who violently sweep your house
    empty of its furniture,
    still, treat each guest honorably.
    He may be clearing you out
    for some new delight.

    The dark thought, the shame, the malice,
    meet them at the door laughing,
    and invite them in.

    Be grateful for whoever comes,
    because each has been sent
    as a guide from beyond.

    Rumi

    • Larissa March 15, 2021 at 1:27 pm #

      Thank you so much for this wonderful poem!

  2. CM December 17, 2020 at 4:23 am #

    The Water said to the dirty one, “Come here.” The dirty one said, “I am too ashamed.” The water replied, “How will your shame be washed away without me?

    Rumi

    Thank you Marc ✌️

  3. Thom December 17, 2020 at 3:12 pm #

    I recently took my son to a school sponsored COVID protocol following outdoor play session. Led and prompted by adults, they played some games and ran around in an relatively organized way. One activity was a relay race. There was one kid probably 9 or 10 years old, who wasn’t as fast as some others and he lost his leg of the race. I watched as he bent over, put his hands on his knees and started sobbing. After a few seconds, he stood up, raised his hands toward the sky and yelled “I am such a failure!”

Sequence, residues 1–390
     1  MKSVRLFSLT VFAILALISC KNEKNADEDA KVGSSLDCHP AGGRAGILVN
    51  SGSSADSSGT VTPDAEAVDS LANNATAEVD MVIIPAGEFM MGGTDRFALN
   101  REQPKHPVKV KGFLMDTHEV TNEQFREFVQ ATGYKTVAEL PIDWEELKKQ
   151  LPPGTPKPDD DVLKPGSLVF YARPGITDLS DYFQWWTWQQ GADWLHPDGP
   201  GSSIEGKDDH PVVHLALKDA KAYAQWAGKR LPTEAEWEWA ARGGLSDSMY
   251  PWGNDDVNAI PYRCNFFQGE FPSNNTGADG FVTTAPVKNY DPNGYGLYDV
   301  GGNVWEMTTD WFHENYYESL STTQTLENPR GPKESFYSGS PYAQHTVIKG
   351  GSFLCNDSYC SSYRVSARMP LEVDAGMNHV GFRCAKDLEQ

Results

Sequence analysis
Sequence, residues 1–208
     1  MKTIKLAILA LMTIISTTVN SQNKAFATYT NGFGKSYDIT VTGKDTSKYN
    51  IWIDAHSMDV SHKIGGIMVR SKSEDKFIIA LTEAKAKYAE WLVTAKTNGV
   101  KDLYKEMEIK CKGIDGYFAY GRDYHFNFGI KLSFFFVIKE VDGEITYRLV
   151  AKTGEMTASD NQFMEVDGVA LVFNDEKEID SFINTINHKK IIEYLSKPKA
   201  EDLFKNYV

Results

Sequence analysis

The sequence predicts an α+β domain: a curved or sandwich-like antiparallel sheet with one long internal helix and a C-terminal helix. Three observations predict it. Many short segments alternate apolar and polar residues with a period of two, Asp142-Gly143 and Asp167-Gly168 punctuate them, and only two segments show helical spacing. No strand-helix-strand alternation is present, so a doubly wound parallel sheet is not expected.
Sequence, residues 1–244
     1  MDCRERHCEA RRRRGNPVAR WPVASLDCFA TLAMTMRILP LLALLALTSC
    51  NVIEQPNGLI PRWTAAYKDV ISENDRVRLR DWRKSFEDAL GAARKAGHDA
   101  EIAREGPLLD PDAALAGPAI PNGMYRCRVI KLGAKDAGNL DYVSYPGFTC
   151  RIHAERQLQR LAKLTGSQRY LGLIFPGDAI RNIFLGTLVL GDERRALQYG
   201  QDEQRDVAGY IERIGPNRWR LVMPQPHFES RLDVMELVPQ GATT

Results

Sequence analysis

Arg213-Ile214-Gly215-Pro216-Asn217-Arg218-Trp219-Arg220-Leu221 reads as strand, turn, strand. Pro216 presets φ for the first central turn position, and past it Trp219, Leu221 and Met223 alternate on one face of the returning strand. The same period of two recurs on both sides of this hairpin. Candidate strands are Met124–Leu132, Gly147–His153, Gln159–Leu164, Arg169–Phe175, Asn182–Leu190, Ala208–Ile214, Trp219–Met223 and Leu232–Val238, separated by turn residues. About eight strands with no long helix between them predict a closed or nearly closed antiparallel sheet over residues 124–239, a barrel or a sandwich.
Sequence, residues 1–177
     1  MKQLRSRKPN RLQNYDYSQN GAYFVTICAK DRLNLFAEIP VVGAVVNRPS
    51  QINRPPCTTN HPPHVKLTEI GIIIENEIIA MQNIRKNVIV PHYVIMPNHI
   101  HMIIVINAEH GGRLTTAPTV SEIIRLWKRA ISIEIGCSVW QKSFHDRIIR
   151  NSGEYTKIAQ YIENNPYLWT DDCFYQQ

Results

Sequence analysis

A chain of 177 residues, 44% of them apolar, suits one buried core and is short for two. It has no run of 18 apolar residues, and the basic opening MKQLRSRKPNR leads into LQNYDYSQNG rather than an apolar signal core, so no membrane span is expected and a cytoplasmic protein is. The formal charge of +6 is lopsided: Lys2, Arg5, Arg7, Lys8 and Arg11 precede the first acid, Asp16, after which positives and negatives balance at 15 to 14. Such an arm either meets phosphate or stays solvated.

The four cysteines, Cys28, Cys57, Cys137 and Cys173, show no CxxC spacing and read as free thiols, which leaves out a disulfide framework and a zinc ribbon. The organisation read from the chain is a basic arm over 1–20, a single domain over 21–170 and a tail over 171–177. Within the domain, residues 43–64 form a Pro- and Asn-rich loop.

I’ve heard my own son – who has an ADHD diagnosis – say something not to dissimilar when he struggles with some life problem. Notwithstanding some environmental/social factors (I am no way a perfect dad), there seems to be something more in play, some sort of internal shaming mechanism that we are born with, but must nonetheless contend.

    • Marc December 26, 2020 at 1:46 pm #

      Yes, I think we’re born with a sensitively-attuned capacity for shame, but its potency varies hugely from one person to the next. I’ve raised a number of kids in my life (two marriages with offspring) and one of them was so shame-prone I’d say that it has played a major role in fashioning his personality.

      When he was 4 or 5 years old, I was astounded to see a shame reaction of sci-fi proportions. I noticed that he was spreading as much peanut butter on the counter as on his piece of bread, and I asked him (in a calm voice) to try to be more careful. He immediately jumped up, landed on the floor and started yelling. Then began crawling backward, on his belly, out of the room, screaming his head off the whole way.